While LinkedIn Groups still get the most attention for online, professional networking, there is a breaking revolution away from the giant to sites that:
- People visit more often.
- Offer a better user experience (UX).
- Provide more tailored resources.
You can now find networks full of the people you want to reach, connect with, learn from, hire, work for, etc. without ever logging into LinkedIn.
Professional Networking on Facebook & Google+
As an example, I visit Facebook several times daily to keep up with friends, family, and, increasingly, my professional networks. I belong to three private groups, one for resume writers, and two for recruiters.
I also sponsor a group for job seekers and career experts here.
Because I’m already on Facebook, I can easily see the traffic through these groups and join in. Members feel free to post their challenges, ask for help, share opinions and advice, engage in give and take, etc.
The group owners set and enforce the rules. However, unlike many LinkedIn groups, the group members don’t seem to need much, if any, policing.
Beyond Facebook, I belong to the LinkedIn Experts Group on Google Plus. Whenever I notice anything new about LinkedIn or have a question, I go there. I check to see if any member has posted about what I’m seeing. If no one has, I ask a question.
I’m also a frequent contributor. It’s the most efficient source of information about LinkedIn that I have found — and it’s on Google Plus.
While I don’t go to Google Plus daily, it’s easy for me to get to this group, scan others’ posts, and post myself. The UX is so good that the site never bogs me down.
For the few minutes I invest in these groups each day, I get an enormous return in connection, learning, and new business.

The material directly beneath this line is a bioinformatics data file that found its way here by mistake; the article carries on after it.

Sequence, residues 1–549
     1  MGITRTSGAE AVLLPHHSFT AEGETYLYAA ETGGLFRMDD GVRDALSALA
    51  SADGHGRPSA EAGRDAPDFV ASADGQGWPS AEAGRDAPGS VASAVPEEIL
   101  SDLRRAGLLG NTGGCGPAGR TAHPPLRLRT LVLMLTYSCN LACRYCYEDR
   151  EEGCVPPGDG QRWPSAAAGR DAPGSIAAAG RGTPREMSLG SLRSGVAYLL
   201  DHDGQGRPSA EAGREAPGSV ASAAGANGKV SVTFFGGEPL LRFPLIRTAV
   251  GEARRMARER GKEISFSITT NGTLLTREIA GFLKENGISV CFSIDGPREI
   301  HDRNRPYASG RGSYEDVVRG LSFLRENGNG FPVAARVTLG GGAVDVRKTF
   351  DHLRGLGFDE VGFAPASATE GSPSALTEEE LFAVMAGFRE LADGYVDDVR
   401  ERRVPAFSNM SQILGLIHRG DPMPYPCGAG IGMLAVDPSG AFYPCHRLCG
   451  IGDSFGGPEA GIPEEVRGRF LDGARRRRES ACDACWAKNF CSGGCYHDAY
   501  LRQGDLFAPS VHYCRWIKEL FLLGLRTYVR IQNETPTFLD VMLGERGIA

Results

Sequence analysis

Network Where the People Are
In a corollary to the rule that banks get robbed because that’s where the money is, I’m finding that my favorite groups happen where the people are. As illustration:
- Facebook users like over four million posts per minute (more here).
- LinkedIn averaged about 270,000 total page views per minute in Q2 2015 (more in the SlideShare here).
Thus, Facebook is where the people are.
I’m finding my best professional networking experiences on platforms:
- Where people spend time.
- That have clean UXs.
If you want to get the most from a group, then think about proximity and ease of use.
Professional Niche Networks
Beyond groups, it’s good for career-minded people to know that while LinkedIn is the big dog professional network, many “me too” networks that focus on specific professions and industries have developed. For example:
- Stack Overflow is a classic. Programmers use the site to ask questions, share information, display their talent, meet people from other companies, etc.
- Doximity claims to have attracted over 60% of U.S. doctors to their network for healthcare professionals.
How To Find the Best Group or Network
To find the best groups and networks for you:
- Ask co-workers and recruiters for ideas about the platforms they find most useful.
- Watch to see which Facebook groups colleagues join.
- Ask a question about the best groups/networks for you on Quora.
When you join a new group, lurk until you understand the group’s culture, then start participating. You will likely find your involvement to be some of the most productive minutes of your day.
I write executive resumes and LinkedIn profiles. Save time. Get hired. Email me at firstname.lastname@example.org for more information.
© 2015 – 2017, Donna Svei. All rights reserved.